Linx Card, which touts itself as a “primary provider” of debit merchant services to marijuana retail stores, has faced a flurry of lawsuits in recent months from cannabis businesses that allege the California firm owes them millions of dollars.
Linx includes a platform where customers can load up Linx “gift” or debit cards at a terminal in a retail outlet and then make purchases in the store using the card. Customers also can load cards through the Linx website.
Linx allegedly owes money to at least the four cannabis businesses below, according to various court filings across the country. (The filings were made under the businesses’ corporate names):
- Reef Dispensaries, which has shops in Arizona and Nevada: $1.5 million.
- Planet 13, a retailer with a superstore in Las Vegas: $939,010.
- Silver Stem Fine Cannabis, a Colorado retailer: $114,962.
- Pineapple Express and Universal Herbal Center, which have shops in California: $40,092.
In a statement emailed to Marijuana Business Daily, Linx CEO Patrick Hammond wrote that the company is working to resolve the issues and plans to pay retailers “in full.”
In addition, GTR Source, a New York-based private lender, has won a $5 million court judgment against Linx, according to court documents.
Hammond characterized that situation as a “disputed claim” over a loan and said Linx is in negotiations with GTR to “reduce the claim significantly.”
First Data Merchant Services processed the payment card transactions for various Linx entities named Pelican and GiVV between December 2008 and February 2019, until terminating the relationship, according to court documents.
Hammond wrote that Linx had a close relationship with First Data until a competitor circulated a false “dossier” that Linx was processing and banking offshore.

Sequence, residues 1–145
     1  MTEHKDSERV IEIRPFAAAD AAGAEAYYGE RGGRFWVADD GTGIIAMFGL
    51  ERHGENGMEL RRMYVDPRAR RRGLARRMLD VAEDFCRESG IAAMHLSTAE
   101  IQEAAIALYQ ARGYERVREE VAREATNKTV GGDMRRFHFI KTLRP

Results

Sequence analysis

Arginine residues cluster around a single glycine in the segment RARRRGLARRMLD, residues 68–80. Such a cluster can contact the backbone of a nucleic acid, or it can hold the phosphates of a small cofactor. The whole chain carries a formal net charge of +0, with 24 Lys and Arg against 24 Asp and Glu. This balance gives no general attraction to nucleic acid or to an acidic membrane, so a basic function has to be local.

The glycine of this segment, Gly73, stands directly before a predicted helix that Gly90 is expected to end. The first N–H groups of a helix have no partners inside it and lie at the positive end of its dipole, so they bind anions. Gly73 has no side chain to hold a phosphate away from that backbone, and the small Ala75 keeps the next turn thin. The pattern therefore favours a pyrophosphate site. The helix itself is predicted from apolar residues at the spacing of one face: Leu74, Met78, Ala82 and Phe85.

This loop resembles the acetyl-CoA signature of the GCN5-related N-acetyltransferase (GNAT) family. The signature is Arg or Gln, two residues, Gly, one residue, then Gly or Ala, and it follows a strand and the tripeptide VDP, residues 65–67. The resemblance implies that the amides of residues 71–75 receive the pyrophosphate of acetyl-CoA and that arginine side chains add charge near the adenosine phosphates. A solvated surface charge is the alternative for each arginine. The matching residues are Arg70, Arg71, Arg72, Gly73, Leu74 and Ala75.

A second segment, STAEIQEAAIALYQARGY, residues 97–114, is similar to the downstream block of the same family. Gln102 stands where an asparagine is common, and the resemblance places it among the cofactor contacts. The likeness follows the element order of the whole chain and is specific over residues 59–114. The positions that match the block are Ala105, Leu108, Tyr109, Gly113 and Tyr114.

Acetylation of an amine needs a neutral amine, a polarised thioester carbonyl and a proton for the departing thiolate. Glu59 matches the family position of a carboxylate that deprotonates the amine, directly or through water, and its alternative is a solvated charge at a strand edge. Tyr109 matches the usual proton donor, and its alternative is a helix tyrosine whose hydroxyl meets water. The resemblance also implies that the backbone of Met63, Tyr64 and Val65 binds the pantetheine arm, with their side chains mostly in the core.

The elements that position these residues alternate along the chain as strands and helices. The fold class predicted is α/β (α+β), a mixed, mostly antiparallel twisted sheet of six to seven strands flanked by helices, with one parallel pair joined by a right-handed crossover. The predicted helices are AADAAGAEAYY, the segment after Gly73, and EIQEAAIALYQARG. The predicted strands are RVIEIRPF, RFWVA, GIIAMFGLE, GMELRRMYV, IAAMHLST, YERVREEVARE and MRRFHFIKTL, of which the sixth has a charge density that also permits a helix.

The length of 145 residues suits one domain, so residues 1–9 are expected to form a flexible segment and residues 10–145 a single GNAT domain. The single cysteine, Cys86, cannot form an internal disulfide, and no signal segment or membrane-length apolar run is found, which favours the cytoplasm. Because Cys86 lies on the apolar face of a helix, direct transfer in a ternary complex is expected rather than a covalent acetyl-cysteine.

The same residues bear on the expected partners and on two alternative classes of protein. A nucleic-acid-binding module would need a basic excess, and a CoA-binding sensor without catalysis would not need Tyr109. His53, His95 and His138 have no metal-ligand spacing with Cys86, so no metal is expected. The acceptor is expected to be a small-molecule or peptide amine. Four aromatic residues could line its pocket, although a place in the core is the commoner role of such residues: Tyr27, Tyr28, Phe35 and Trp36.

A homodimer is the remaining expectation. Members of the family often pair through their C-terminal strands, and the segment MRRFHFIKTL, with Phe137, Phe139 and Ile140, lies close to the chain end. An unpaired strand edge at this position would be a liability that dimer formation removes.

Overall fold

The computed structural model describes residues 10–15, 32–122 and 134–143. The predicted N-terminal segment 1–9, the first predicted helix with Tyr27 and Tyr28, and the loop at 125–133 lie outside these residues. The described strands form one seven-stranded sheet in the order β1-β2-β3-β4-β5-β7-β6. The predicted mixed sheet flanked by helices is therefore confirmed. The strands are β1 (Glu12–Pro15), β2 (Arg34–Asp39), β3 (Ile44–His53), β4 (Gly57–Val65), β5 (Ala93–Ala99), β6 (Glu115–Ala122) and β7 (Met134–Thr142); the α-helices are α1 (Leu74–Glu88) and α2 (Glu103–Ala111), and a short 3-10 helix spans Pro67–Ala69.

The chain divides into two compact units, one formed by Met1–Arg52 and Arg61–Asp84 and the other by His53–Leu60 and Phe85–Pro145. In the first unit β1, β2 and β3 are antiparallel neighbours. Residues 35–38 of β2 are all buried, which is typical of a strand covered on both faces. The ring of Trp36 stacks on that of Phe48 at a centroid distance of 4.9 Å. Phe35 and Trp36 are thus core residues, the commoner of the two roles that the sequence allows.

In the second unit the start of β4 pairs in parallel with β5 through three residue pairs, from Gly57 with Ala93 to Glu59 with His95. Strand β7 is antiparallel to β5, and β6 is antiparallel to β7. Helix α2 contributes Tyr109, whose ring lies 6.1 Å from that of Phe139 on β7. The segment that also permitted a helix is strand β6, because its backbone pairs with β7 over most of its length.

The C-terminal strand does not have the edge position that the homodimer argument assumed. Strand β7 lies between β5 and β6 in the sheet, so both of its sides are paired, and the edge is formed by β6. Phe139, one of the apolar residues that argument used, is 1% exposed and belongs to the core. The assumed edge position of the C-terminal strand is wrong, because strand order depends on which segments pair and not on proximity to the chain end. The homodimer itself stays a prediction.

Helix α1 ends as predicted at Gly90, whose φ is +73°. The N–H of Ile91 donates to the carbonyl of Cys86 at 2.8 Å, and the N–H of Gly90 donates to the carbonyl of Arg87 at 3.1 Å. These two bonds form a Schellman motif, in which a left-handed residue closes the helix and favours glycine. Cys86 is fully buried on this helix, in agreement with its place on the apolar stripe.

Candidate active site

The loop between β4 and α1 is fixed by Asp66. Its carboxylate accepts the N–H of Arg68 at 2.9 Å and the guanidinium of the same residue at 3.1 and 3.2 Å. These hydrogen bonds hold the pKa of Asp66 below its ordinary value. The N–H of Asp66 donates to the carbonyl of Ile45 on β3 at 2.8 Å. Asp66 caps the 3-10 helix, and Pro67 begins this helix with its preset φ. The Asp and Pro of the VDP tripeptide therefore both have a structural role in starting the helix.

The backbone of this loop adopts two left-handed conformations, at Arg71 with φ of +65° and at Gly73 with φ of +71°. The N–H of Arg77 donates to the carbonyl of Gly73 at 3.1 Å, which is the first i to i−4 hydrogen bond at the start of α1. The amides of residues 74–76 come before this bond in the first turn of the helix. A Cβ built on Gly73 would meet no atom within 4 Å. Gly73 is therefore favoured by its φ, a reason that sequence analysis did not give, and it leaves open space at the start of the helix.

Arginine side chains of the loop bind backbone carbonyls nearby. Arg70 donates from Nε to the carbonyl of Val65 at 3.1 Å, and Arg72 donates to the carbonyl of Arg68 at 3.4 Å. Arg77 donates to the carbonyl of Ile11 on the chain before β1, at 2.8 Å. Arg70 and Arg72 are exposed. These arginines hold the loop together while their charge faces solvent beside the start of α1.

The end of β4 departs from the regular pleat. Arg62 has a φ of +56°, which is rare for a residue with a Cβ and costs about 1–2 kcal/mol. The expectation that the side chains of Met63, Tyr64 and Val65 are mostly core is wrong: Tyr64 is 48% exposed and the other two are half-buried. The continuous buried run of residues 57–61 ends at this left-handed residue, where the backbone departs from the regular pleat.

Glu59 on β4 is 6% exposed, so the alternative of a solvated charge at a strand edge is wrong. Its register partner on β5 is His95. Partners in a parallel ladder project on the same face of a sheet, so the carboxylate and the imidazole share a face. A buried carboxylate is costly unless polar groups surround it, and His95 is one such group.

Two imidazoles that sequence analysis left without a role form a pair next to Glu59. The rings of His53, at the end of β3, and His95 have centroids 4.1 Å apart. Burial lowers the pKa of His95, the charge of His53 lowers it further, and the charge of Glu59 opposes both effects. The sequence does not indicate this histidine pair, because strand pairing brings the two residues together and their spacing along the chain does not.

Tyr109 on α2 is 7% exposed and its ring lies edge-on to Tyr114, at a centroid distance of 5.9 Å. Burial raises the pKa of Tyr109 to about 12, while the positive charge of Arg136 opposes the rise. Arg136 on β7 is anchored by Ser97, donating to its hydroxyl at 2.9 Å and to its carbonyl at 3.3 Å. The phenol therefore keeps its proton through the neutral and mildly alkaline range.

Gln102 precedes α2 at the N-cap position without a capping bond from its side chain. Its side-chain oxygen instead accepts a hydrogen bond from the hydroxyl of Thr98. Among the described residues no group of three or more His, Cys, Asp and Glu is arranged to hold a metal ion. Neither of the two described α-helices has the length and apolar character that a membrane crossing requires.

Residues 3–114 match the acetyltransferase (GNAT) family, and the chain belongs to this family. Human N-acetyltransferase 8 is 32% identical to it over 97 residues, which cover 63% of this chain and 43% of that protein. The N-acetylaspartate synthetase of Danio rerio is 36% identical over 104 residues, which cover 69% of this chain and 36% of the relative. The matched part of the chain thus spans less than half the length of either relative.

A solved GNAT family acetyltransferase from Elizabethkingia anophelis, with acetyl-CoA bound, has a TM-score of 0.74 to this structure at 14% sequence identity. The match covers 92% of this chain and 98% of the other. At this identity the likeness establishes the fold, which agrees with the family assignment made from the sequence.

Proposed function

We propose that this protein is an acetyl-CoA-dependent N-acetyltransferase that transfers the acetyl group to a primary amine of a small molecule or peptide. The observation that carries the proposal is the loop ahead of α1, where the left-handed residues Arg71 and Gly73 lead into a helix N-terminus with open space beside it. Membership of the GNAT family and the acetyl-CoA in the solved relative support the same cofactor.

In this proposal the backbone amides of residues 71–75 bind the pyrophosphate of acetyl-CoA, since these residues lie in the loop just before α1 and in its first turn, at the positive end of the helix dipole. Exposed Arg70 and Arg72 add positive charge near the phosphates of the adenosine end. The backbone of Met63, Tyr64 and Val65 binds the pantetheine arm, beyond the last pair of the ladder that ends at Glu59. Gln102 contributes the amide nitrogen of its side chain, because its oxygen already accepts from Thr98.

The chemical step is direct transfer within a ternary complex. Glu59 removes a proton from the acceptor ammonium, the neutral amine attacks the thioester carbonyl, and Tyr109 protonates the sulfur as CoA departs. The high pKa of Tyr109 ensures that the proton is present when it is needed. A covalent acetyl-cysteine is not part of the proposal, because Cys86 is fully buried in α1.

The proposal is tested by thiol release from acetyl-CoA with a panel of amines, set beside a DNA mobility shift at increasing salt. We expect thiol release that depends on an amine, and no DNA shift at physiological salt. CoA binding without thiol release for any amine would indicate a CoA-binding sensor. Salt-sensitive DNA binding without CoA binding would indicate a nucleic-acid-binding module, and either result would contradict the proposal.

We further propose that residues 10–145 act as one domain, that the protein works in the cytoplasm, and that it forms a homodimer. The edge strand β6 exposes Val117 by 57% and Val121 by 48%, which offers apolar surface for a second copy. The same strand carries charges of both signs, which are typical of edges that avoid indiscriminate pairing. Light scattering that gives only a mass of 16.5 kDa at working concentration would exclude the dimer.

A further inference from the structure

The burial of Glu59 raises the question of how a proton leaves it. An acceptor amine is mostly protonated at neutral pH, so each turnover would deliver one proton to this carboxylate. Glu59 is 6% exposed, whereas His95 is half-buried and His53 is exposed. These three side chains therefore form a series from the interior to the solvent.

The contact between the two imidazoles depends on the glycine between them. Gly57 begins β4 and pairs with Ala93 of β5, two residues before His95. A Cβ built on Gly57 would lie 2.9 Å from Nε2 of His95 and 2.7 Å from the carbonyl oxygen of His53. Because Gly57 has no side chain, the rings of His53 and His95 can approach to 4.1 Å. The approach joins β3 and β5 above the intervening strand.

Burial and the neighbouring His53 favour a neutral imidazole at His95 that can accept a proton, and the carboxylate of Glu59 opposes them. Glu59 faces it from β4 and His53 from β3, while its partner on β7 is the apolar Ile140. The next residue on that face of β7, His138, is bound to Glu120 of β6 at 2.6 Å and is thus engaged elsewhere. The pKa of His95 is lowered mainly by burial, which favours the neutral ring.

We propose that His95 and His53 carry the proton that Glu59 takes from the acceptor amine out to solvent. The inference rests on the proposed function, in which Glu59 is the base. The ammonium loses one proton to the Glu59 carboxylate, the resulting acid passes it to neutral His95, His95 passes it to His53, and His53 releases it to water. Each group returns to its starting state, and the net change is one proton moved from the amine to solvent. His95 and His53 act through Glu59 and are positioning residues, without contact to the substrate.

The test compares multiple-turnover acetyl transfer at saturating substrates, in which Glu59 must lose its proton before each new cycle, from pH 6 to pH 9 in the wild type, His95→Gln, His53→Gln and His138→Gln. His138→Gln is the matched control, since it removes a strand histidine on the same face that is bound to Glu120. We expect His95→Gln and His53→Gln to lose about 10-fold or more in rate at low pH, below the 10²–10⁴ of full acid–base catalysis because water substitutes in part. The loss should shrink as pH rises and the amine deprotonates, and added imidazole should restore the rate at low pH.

“As a result of this dossier, the Linx processing facility (with First Data) was eventually shut down,” Hammond wrote in the email.
In a court document, First Data said it terminated its relationship “after discovering Pelican used its account to improperly process transactions on behalf of Linx Card.”
Last month, First Data filed a lawsuit in New York federal court saying that it was holding $619,560 in funds claimed by various parties and asking the court how to distribute that money.
Hammond wrote that Linx believes First Data is holding more money than that and its counsel is working with First Data to “agree upon the amount of held funds and to get them released to the retailers” owed money.
Ann Cave, a spokeswoman for Fiserv, which acquired First Data this year, wrote in an email to MJBizDaily that the company doesn’t comment “outside of the legal process on pending legal matters.”
In a filing in U.S. District Court in Arizona in November, the corporate parent of Reef Dispensaries requested that Linx be placed in receivership.
Linx responded in a court filing that a receiver wasn’t “appropriate or necessary.”
Hammond wrote that Linx is “back up” with an updated platform and has replaced First Data with another payment processing facility.
Jeff Smith can be reached at [email protected]